News: Analysis & Commentary
IT ONLY HERTZ WHEN ENTERPRISE LAUGHS
Tough luck: First, Shannon J. O'Donnell nearly totaled her 1986 Cadillac on Nov. 9. Then she discovered that her insurance company provides just $20 a day to pay for a replacement rental. Turns out $20 was enough. Enterprise Rent-A-Car Co. delivered a 1995 Ford Taurus to her suburban Chicago driveway the same day, and O'Donnell signed the rental papers in her kitchen.
A car-rental outfit that makes house calls? That's just one secret behind the rapid growth of St. Louis-based Enterprise, the privately held company that shook up the industry in late November when Auto Rental News named it No.1 in the U.S.--bigger than Hertz Corp. The trade publication based its rankings on the size of Enterprise's fleet (232,000 vs. Hertz's 215,000) and the number of office locations (2,000 vs. 1,175).
The news drew outrage from Hertz's Park Ridge (N.J.) headquarters. "The answer is a flat-out no, they're not bigger than us," says a Hertz spokesman, who contends that Enterprise inflates its figures by, among other things, including leased cars. But Enterprise CEO Andrew C. Taylor is crowing: "I guess we snuck up on them."
DOWNTOWN TRADE. In truth, Hertz and Enterprise barely compete, except for bragging rights. While Hertz, Avis, Alamo, and the like specialize in airport rental cars for business and leisure travelers, Enterprise has made its mark in the low-budget insurance-replacement market. More than two-thirds of its $1.85 billion in projected revenues this year (vs. $2.1 billion for Hertz and $1.7 billion for Avis) comes from a market the majors don't play in--rentals to people whose cars have been wrecked or stolen.
The economics of that market are different from conventional rentals. While Hertz operates at expensive airport and downtown city locations--some open 24 hours--Enterprise works mostly daylight hours from storefronts and shopping strips nationwide. It also keeps costs manageable by tying the monthly pay of about one-fourth of its 18,000 employees to profitability.
Another cost-saving technique: Enterprise's cars are older. Hertz and Avis obtain their vehicles through buyback programs negotiated with the big auto makers, returning them for new ones after six months or so. Enterprise buys its fleet from a variety of manufacturers, often favoring models that are about to be discontinued or redesigned. And it keeps its cars for about 18 months before selling them. Helped by such tactics, Enterprise claims its consumer rates are up to 30% lower than what rivals charge.
There are other differences, too. While Hertz and Avis plow a fortune into national advertising, Enterprise limits its TV time and relies mostly on grassroots marketing. Much of its business comes from referrals, and Enterprise looks after the insurance agents and adjusters who point customers its way. It offers a roughly 25% discount on personal rentals to the insurance trade, as well as an occasional golf outing, Taylor says. It also maintains close ties with local car dealers, body shops, and garages, sometimes paying rent to maintain a booth on the premises. Enterprise managers even deliver breakfast to referral sources. "One of our biggest sales methods is doughnuts," Taylor jokes.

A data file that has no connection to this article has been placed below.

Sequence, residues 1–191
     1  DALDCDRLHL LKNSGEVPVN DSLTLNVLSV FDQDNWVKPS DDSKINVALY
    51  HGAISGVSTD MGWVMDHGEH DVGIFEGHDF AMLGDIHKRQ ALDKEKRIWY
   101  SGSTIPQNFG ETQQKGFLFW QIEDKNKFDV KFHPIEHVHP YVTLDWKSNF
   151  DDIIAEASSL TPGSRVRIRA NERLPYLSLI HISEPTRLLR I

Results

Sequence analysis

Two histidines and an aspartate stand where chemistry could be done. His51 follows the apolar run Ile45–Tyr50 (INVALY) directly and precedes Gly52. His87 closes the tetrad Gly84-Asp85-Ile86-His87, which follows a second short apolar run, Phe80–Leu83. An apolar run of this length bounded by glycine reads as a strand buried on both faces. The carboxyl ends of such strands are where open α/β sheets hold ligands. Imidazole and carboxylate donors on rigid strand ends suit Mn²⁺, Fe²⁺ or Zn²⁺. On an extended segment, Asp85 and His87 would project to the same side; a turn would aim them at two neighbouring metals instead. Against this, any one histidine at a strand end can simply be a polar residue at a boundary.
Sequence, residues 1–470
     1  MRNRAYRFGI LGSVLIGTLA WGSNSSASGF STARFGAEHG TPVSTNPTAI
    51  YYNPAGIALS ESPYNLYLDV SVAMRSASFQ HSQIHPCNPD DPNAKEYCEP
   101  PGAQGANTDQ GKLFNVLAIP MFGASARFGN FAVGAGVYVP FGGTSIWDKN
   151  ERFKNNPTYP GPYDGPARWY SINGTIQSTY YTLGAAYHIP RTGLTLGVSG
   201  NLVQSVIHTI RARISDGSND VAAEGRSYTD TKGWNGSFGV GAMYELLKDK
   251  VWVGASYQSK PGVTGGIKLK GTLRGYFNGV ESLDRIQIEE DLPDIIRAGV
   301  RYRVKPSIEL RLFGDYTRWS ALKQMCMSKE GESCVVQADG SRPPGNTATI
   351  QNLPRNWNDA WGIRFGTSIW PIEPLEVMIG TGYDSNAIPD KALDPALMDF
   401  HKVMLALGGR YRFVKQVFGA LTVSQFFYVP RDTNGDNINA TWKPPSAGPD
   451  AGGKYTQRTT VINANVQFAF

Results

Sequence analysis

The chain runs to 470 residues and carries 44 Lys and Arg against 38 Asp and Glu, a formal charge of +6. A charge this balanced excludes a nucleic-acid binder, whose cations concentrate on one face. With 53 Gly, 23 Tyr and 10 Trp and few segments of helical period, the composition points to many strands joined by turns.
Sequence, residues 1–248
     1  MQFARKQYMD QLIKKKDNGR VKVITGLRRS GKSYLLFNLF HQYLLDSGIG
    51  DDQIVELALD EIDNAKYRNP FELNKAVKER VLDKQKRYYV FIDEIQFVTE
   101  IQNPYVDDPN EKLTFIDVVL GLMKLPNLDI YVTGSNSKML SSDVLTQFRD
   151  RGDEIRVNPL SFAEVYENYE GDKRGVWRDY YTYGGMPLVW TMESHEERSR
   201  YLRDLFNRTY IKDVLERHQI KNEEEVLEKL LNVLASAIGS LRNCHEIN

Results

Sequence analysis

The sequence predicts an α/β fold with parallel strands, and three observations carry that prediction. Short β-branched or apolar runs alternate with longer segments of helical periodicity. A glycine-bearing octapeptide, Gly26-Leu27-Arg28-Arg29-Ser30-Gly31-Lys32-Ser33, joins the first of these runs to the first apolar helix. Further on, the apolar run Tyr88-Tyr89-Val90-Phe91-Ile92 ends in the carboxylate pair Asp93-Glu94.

Enterprise started its rental business with 17 cars in the early 1960s, and founder Jack C. Taylor, now 72, expanded the business slowly. By 1980, the company had 6,000 rental cars and revenues of $75 million. Since 47-year-old son Andrew took over as CEO in 1990, the pace of expansion has increased, funded mainly through bank debt, private debt, and reinvested profits. There are no franchises or public offerings in sight. According to the company, it has posted a profit every month for 20 years.
LOCAL RIVALS. Can Enterprise keep up the pace? So far, its growth has come mainly at the expense of the fragmented collection of independents that compete for insurance-replacement dollars. And rivals such as Eugene Blum, advertising director at Rent-A-Wreck of America Inc., based in Owings Mills, Md., wonder if Enterprise's rapid expansion won't cause glitches in its performance.
Taylor thinks he has the risks under control, partly because he has no plans to target the highly competitive airport market. But as the company expands, it will compete increasingly with Hertz and Avis for "local" business--customers who need a car for errands or short trips. Outracing the majors in that market--where renters don't keep their cars nearly as long as insurance customers--will be tough. But so far, Enterprise shows no sign of wanting to pull out of the fast lane.Greg Burns in Chicago